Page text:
During the pandemic, many of us had to adjust to remote meetings where our home environment was visible to all participants on video. To avoid showing children, pets, or household messes in the picture, some people opted to use a special imaginary wallpaper as a background in video calls. However, a study conducted by the British University of Durham and published in the scientific journal Plos One found that this solution did not necessarily make a good impression on other participants.
In the research, Reader Paddy Ross and colleagues showed subjects images of smiling and serious women and men sitting in front of six different backgrounds, including a blank wall, a bookshelf, houseplants, a living room view, a blurred living room view, and an arctic landscape with a walrus lying on a glacier. Subjects were asked to rate how trustworthy and competent they perceived the people in the pictures. It was found that the background can strongly influence what people think about each other in remote meetings, with those with a bookshelf or houseplants visible behind them being considered the most reliable and competent.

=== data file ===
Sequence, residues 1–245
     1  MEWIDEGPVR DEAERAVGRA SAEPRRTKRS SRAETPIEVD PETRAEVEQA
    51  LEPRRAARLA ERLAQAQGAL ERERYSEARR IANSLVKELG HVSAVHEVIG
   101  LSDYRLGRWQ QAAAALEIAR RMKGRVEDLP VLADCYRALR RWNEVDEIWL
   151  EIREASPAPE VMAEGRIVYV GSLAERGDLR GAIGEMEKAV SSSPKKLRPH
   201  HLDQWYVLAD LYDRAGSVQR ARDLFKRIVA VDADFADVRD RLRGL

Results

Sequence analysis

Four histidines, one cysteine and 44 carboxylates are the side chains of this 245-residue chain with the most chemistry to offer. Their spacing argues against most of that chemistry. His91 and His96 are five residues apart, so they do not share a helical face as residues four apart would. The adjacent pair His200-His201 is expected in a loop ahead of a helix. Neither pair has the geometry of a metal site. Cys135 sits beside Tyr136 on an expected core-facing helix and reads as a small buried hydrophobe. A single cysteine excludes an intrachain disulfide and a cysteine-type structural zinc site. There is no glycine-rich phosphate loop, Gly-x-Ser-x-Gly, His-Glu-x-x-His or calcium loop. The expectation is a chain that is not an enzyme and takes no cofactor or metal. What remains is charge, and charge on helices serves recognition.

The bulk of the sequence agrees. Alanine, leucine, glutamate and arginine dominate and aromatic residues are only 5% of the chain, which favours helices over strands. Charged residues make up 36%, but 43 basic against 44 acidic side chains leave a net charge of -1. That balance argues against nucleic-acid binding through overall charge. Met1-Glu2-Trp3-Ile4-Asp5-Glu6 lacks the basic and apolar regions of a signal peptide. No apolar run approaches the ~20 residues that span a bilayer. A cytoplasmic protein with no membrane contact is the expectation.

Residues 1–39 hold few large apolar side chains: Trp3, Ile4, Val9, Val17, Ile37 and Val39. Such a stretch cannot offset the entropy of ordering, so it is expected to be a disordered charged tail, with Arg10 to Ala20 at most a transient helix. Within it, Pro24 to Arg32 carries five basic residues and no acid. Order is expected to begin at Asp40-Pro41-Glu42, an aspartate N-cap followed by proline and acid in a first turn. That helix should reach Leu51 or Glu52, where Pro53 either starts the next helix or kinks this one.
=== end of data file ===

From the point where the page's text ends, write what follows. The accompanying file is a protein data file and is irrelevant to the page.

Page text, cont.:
In contrast, the worst reviews were produced by the walrus landscape. It was also found that smiling significantly improved ratings, showing that the background and facial expressions play a significant role in remote meeting perceptions. This study sheds light on the importance of one’s visual environment in influencing how they are perceived in a remote meeting setting.